Now that the Russian government understands that Russia must depart the dollar system in order to protect Russian sovereignty, President Putin has entered into barter/ruble oil deals with China and Iran.  However, Washington objects to Russia abandoning the dollar international payment system. Zero Hedge, a more reliable news source than the US print and TV media, reports that Washington has conveyed to both Russia and Iran that a non-dollar oil deal would trigger US sanctions.

Washington’s objection to the Russian/Iranian deal made it clear to all governments that Washington uses the dollar-based international payments system as a means of control. Why should countries accept an international payments system that infringes their sovereignty? What would happen if instead of passively accepting the dollar as the means of international payment, countries simply left the dollar system? The value of the dollar would fall and so would Washington’s power. Without the power that the dollar’s role as world reserve currency gives the US to pay its bills by printing money, the US could not maintain its aggressive military posture or its payoffs to foreign governments to do its bidding.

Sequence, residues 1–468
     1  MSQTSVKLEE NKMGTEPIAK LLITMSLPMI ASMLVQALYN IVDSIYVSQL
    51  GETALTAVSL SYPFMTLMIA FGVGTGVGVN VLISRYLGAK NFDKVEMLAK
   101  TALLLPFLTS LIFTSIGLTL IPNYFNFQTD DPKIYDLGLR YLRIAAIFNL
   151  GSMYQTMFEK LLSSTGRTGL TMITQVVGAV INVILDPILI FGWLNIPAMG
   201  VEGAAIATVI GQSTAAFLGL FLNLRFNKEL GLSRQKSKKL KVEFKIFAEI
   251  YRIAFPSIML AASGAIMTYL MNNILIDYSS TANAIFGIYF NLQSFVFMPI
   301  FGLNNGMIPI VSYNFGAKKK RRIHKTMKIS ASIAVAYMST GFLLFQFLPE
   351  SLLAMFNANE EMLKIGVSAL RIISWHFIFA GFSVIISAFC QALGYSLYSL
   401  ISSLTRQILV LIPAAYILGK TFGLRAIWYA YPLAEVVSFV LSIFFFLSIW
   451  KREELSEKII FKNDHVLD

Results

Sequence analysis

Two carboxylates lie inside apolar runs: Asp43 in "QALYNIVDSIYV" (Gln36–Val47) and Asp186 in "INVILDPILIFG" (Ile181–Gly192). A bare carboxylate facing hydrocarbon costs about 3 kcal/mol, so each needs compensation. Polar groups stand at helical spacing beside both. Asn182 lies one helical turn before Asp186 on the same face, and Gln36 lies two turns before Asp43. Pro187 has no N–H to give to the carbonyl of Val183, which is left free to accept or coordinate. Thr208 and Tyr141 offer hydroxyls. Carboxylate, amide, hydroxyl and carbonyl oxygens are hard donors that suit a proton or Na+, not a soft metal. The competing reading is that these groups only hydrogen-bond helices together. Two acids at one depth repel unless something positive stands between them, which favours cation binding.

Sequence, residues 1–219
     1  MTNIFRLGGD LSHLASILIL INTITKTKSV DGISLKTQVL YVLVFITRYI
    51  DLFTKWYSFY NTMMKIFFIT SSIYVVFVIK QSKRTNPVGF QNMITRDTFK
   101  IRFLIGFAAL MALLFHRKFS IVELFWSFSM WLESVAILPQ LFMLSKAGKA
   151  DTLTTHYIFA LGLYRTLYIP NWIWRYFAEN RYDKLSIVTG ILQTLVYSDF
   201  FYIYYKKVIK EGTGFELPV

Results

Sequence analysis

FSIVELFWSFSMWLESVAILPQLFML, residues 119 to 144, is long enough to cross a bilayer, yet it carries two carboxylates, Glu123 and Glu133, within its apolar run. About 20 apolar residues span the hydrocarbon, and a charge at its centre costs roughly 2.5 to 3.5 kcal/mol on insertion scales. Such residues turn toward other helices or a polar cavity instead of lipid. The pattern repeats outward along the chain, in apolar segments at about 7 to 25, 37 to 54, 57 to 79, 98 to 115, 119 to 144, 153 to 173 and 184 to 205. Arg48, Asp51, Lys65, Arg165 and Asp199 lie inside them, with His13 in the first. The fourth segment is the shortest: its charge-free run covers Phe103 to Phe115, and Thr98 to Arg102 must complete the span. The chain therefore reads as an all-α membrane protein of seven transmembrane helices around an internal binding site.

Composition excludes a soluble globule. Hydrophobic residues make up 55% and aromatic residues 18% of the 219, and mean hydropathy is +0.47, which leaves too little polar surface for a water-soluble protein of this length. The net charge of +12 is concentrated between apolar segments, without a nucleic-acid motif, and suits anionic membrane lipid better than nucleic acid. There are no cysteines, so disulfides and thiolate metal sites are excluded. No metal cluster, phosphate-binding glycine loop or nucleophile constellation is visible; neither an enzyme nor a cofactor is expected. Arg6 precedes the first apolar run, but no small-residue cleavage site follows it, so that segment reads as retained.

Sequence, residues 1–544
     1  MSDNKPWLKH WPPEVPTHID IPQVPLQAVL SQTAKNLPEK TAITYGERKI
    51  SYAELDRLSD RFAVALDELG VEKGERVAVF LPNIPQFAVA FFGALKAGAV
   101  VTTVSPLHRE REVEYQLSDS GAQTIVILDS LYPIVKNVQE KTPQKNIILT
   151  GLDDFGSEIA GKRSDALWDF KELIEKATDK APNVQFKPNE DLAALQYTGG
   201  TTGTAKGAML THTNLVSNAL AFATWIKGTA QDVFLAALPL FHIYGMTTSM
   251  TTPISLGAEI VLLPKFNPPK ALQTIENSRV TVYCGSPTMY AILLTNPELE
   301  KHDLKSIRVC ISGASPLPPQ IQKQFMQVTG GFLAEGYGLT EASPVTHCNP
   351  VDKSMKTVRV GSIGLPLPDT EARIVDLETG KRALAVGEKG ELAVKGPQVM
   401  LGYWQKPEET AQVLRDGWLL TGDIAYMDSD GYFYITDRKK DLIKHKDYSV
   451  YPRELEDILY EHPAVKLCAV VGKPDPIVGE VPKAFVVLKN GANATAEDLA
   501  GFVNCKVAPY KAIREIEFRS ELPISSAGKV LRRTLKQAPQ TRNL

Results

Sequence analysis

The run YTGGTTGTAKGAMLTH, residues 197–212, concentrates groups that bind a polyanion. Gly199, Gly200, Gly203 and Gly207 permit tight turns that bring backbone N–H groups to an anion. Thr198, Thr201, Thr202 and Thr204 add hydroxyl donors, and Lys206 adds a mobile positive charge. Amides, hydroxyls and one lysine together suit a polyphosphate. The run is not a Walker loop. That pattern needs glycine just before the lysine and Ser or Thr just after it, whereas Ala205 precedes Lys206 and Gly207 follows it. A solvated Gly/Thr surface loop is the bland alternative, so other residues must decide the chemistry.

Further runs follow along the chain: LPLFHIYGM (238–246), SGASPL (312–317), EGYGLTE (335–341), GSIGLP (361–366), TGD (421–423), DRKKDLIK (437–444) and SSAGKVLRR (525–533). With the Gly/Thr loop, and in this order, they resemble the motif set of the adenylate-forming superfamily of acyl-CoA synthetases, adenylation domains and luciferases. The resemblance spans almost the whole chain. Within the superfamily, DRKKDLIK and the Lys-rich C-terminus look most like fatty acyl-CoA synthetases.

Washington would be just another failed empire, whose population can barely make ends meet, while the One Percent who comprise the mega-rich compete with 200-foot yachts and $750,000 fountain pins. The aristocracy and the serfs.  That is what America has already become. A throwback to the feudal era.

It is only a matter of time before it is universally recognized that the US is a failed state. Let’s pray this recognition occurs before the arrogant inhabitants of Washington blow up the world in pursuit of hegemony over others.

Washington’s provocative military moves against Russia are reckless and dangerous.

The buildup of NATO air, ground, and naval forces on Russia’s borders in violation of the 1997 NATO-Russian treaty and the Montreux Convention naturally strike the Russian government as suspicious, especially as the buildups are justified on the basis of lies that Russia is about to invade Poland, the Baltic States, and Moldova in addition to Ukraine.